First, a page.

This coming Saturday, my wife and I will be joining friends to go to the ‘Vikings! The Untold Story’ exhibit at the National Museum of Scotland. In preparation, I have watched the documentary, ‘The Art of the Vikings‘ by Dr Janina Ramirez. I’m also about half-way through The Oxford Illustrated History of the Vikings, ed. Peter Sawyer, And so I have a few thoughts about Vikings and the Viking Image.
I concur with people such as Ramirez that Vikings — or, rather, early mediaeval Scandinavians — are more than just a bunch pillagers. This is evident from the artworks they have left behind as well as any Viking-age traces in Scandinavian literature such as The Poetic Edda or The Saga of the Volsungs. Furthermore, the historical record of ‘Viking’ activities demonstrates that they were explorers, settling Iceland and Greenland as well as having some presence in Newfoundland, as well as traders — I recommend Ibn Fadlan for the Eurasian activities of Vikings — and mercenaries, as in the Varangian Guard at Constantinople. There are other aspects of the rehabilitation with which I can agree.
But we cannot ignore the fact that Vikings were raiders and conquerors as well. The fact that this is the image that is imprinted on our consciousness is not because of the biased press of a bunch culturally-elitist monks from Britain, Ireland, and Frankia (as well as Muslims from Spain and North Africa) — it is because these peoples encountered the speed and power of Scandinavian armies in raiding mode, coming in with faster ships than anyone else and slipping away before a reasonable defence could often be mounted.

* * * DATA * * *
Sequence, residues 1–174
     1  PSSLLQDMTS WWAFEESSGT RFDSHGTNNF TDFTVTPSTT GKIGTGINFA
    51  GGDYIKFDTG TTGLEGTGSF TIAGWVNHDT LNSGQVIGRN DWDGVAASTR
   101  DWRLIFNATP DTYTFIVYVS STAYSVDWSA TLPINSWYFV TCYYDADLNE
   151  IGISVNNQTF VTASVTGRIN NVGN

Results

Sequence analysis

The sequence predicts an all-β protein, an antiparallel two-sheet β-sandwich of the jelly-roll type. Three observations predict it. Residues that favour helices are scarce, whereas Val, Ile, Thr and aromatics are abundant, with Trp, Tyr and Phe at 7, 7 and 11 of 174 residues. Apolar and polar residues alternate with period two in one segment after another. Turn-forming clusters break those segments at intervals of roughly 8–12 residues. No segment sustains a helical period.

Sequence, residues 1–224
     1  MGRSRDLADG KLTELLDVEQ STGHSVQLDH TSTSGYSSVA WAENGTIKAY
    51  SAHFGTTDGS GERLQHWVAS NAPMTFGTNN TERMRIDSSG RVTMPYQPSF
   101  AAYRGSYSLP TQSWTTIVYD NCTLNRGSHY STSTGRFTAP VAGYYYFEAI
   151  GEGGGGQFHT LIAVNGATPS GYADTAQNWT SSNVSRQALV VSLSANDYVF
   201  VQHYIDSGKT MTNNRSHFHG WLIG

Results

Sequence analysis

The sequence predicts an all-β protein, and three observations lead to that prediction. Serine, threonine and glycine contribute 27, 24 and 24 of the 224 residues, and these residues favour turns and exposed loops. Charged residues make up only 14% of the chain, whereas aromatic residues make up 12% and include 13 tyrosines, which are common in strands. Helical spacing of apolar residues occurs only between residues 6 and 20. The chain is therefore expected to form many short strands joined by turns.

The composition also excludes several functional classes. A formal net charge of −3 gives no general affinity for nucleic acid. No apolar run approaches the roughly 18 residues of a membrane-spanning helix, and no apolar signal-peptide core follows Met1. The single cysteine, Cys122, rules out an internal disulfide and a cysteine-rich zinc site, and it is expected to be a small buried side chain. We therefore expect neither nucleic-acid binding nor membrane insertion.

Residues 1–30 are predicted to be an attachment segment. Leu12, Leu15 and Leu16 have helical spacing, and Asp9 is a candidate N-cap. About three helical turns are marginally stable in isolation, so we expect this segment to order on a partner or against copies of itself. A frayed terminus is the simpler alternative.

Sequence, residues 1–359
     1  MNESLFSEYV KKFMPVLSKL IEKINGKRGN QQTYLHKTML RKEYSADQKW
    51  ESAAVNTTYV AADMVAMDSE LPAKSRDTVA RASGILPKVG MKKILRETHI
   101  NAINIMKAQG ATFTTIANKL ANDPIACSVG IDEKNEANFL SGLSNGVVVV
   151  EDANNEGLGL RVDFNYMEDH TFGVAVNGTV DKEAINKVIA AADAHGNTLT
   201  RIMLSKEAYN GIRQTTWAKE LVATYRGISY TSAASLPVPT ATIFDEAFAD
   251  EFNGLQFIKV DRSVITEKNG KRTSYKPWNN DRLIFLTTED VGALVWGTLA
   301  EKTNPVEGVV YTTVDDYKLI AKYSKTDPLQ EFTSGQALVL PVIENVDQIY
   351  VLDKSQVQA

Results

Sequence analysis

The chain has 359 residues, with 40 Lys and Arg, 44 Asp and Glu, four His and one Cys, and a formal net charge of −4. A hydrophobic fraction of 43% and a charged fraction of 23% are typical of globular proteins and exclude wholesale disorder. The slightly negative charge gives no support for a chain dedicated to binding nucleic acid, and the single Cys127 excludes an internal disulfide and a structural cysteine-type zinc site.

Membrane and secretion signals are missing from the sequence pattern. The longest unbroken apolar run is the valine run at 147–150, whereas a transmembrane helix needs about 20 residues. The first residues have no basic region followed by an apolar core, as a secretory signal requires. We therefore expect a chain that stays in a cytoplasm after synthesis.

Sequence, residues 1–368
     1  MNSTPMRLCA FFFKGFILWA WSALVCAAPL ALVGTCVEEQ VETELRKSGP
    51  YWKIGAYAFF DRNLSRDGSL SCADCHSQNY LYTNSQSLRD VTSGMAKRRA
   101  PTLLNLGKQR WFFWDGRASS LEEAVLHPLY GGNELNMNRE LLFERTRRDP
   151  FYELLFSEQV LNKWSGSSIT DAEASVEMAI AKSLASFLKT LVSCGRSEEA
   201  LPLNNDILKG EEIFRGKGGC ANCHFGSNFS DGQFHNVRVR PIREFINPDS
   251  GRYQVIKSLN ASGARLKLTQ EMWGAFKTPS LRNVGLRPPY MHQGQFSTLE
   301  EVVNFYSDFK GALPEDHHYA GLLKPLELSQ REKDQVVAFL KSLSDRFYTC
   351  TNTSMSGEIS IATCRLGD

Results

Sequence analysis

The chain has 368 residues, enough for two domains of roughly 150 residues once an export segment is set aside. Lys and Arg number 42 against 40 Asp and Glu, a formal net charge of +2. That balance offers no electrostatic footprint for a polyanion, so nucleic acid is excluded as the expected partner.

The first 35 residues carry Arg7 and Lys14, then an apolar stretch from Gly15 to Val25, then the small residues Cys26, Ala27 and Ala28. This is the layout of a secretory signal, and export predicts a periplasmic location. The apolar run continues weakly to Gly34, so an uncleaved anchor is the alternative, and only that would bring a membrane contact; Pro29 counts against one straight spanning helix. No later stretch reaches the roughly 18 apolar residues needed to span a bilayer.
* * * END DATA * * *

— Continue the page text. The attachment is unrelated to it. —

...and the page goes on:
While these are not always the first encounters these regions had with Scandinavians, they are often the first encounters of certain peoples, and they are certainly the ones that will leave the strongest impression on the imagination — especially when different (or even the same) groups keep coming back from Scandinavia to raid the Loire or the Seine or Armagh or to settle in Dublin or Yorkshire or Normandy or Ukraine.
If you are a local farmer or landowner, perhaps the Ealdorman, the beauty of Scandinavian skaldic verse, the niceties of Scandinavian traditional religion, the exquisite artwork and handicrafts of Scandinavian artists, the complexities of Scandinavian society and government don’t really matter. What matters is the presence of an invading army and the loss of property that entails.
So — I am in favour of rehabilitating early mediaeval Scandinavian culture. Find out the cool bits, the good bits, the beautiful bits. But let’s not pretend that large numbers of Scandinavian men did not go pillaging and raiding other parts of Europe from the late-eighth through mid-tenth centuries.